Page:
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Why I don’t use a K-II meter.

This will probably be a controversial topic. Many people love their K-II meter and damn near worship it. The K-II was designed to find live wires in walls, like a stud finder for electricians. Grant Wilson made the statement in the early days of the Ghost Hunters TV show that the “K-II was calibrated to find ghosts”. Since then, ghost hunters have been using the K-II without question.

As an engineer I had questions about the design and accuracy of the K-II and a few other EMF meters. So, I did a deep-dive exploration into these EMF meters. I, in a sense reverse engineered them with some help from a couple other highly skilled electronics engineers. We, together, made some discoveries.

The one that we found most troublesome was the K-II. First, let me say that K. Biddle’s blog post about the K-II is totally wrong. The only thing he got right was the on/ off switch. Biddle is not an electrical engineer, nor any kind of electrical expert. What he called the “EMF sensor” is actually a common op-amp. It is the LM324 op-amp used as a comparator. What it does is read a voltage generated from antenna and if that voltage is above a threshold it lights the LED’s. The higher the voltage generated by the EMF the more LEDs light up. It’s a very simple, yet effective circuit.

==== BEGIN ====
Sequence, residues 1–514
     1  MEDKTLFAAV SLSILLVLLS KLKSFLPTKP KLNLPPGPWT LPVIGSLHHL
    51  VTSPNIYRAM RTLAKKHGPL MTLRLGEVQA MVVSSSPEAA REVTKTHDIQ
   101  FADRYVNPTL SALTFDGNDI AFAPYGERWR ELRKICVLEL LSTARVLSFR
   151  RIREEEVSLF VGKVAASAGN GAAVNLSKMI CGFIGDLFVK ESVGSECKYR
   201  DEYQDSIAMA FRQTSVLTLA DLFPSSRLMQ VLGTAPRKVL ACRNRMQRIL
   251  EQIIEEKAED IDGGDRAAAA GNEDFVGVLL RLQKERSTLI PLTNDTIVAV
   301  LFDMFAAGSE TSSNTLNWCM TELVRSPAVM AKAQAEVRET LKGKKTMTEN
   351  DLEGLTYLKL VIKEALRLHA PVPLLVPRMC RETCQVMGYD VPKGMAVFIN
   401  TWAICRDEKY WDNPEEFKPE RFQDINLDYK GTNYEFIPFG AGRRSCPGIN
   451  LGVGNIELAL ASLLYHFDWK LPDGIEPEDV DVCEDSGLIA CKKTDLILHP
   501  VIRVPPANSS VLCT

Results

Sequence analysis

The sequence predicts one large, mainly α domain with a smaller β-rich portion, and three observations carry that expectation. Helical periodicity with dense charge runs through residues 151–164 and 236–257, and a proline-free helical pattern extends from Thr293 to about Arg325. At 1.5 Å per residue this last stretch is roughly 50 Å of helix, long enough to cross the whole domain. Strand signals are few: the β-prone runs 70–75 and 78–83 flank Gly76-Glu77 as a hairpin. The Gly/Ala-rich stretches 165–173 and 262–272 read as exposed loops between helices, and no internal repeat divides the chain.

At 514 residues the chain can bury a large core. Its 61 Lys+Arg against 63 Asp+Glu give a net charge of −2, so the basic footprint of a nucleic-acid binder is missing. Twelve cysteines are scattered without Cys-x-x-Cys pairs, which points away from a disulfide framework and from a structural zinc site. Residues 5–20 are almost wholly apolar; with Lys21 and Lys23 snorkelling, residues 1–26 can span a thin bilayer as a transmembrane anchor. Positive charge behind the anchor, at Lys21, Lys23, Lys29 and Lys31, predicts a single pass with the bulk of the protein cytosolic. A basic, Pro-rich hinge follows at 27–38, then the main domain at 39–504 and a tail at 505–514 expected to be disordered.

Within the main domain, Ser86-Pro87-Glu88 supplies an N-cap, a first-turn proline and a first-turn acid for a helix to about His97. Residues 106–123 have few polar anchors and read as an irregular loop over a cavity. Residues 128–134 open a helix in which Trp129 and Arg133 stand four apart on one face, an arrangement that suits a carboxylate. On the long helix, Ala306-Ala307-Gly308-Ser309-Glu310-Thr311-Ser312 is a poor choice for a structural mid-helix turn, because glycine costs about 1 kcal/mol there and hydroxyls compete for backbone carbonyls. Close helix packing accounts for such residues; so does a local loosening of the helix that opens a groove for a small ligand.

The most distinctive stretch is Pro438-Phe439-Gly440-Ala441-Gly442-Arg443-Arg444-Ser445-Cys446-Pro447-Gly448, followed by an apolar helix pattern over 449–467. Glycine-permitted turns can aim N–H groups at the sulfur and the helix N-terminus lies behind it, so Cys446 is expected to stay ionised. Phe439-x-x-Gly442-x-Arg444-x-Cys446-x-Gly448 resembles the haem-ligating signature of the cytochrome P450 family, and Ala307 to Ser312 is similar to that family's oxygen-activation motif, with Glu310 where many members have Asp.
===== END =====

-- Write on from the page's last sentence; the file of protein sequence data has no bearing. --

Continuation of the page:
The actual sensor, is simply, the coplaner loop antenna. When EMF is present a tiny voltage is generated in the loop and read by the op-amp. That’s it, very simple.

The issue we discovered was the rectification circuit that turns the positive portion of the analog voltage signal into a digital one right before the op-amp. Rectification is a way to convert analog waves into digital signals. This can be done correctly several different ways. It can also be done incorrectly. If done incorrectly, part of the full wave will get through.

The K-II does a poor job rectifying the analog signal. It will allow negative voltage to pass. When this happens the LM324 op-amp will become unstable. One of 2 things will happen. Either nothing will happen until it settles down or it will peg red until it settles down. This leads into a false positive, and there is no way of knowing when it will happen.

For this reason, I do not use a K-II Meter. Anything made by man will have imperfections (some more than others), so it is important to be smarter than the device.

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